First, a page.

The HCM mutant E334K displayed binding that was similar to WT measured by TR-F and slightly increased binding when measured by cosedimentation (Figs. 4 and S8). This result was surprising, as the homologous mutant in mouse (E330K) showed greatly reduced binding to actin when tested in a C1–C2 fragment (Bezold et al., 2013). Also, E330K in mouse hearts shortened the duration of ejection (van Dijk et al., 2018). Differences in buffer conditions may explain different results, though our testing of a wide range of buffers made only subtle differences in the binding of WT C0–C2. The presence of the C0 and Pro/Ala-rich linker in our proteins and/or species-specific sequence differences may be responsible for the different results we observed. That binding is different with C0 is supported by Risi et al. (2018), who found that the presence of C0 influences the mode of actin binding of C0–C1. Mutation of the homologous residue, E248K, in slow skeletal MyBP-C (MYBPC1) was found to increase interactions with myosin (Stavusis et al., 2019). Increased binding to myosin by mouse E330K in cMyBP-C might explain the shortened duration of ejection seen by van Dijk et al. (2018). It will be interesting to determine if this mutation in cMyBP-C alters interactions with myosin or if its phenotype is related to impairing the ubiquitin-proteasome system (Bahrudin et al., 2008).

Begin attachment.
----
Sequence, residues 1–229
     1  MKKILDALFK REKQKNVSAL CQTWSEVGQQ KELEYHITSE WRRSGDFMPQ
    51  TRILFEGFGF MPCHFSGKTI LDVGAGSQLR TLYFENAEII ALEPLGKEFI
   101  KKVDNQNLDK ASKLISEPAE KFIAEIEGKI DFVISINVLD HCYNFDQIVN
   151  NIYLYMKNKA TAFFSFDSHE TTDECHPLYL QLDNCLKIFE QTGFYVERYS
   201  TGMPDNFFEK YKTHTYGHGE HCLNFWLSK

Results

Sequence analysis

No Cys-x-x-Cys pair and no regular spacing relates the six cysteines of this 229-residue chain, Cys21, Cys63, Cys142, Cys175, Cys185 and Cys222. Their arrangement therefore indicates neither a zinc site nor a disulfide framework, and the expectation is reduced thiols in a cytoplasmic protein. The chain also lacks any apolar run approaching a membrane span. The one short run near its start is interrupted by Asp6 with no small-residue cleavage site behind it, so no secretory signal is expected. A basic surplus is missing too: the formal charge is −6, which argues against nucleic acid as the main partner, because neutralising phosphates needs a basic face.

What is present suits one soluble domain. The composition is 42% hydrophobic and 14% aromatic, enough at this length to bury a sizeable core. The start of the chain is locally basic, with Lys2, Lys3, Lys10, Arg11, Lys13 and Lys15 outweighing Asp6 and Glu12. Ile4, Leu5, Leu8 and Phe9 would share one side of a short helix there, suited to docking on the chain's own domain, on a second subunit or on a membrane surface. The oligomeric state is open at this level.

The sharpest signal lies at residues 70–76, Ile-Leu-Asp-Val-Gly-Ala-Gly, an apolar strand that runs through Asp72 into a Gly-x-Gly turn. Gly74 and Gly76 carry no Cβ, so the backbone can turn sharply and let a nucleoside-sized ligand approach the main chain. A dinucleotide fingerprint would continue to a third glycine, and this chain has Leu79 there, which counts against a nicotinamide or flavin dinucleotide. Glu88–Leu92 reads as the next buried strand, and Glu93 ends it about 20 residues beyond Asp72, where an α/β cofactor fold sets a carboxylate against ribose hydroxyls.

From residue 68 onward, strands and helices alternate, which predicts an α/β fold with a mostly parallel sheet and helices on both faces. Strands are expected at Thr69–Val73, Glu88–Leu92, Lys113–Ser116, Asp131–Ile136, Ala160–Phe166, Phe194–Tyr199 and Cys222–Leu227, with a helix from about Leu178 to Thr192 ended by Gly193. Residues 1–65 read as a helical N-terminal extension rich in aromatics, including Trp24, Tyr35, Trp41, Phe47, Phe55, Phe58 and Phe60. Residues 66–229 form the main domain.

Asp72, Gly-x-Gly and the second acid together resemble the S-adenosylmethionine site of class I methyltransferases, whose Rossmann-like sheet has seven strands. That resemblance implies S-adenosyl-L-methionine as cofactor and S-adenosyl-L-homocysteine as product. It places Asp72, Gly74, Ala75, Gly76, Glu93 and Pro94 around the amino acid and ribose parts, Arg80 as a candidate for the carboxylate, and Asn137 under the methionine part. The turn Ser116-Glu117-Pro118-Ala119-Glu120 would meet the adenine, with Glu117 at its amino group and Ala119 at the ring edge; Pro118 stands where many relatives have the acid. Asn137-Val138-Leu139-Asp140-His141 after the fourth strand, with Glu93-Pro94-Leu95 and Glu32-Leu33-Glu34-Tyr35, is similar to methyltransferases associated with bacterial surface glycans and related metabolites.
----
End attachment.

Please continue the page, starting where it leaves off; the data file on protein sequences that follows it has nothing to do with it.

The HCM mutation R282W inhibits phosphorylation of Ser284 and in conditions of submaximal phosphorylation results in increased actin binding by C0–C2. R282W is located in a PKA recognition sequence RRIS in the M-domain (Fig. 3). We predicted that it would reduce or eliminate phosphorylation of Ser284 by PKA. Mass spectrometry data suggest this is the case. When relatively high levels of PKA were used to maximally phosphorylate C0–C2, R282W had no significant effect on binding of phosphorylated C0–C2 to actin when compared with phosphorylated WT C0–C2 (Fig. 5 A and Table 2). Looking at the details of binding (Fig. 5 A), there is the suggestion that R282W reduces the effect of maximal phosphorylation. Unphosphorylated R282W appears to bind actin slightly less that WT, while phosphorylated R282W binds slightly more. This might indicate a reduced PKA effect (increased actin binding), as was predicted. As cMyBP-C is found in a range of PKA phosphorylation states, we used the TR-F assay to test a range of phosphorylation levels in WT and the R282W mutant. At intermediate levels of phosphorylation, we found a very significant difference in binding (Fig. 5; see also Fig. S5 for actin–Tm). C0–C2 binding was more inhibited by PKA treatment in WT than was R282W, which behaved more like unphosphorylated protein. We conclude that the remaining three serines, when phosphorylated at high levels, are sufficient to reduce actin binding to a similar extent as when all four serines are phosphorylated. However, at reduced phosphorylation levels that we expect to be found in cardiac tissue, and especially in HCM (El-Armouche et al., 2007), there is a difference that results in R282W binding more strongly to actin. The TR-F multiwell plate assay greatly facilitated this testing of multiple phosphorylation levels to reveal a potential explanation of how R282W initiates or responds to HCM.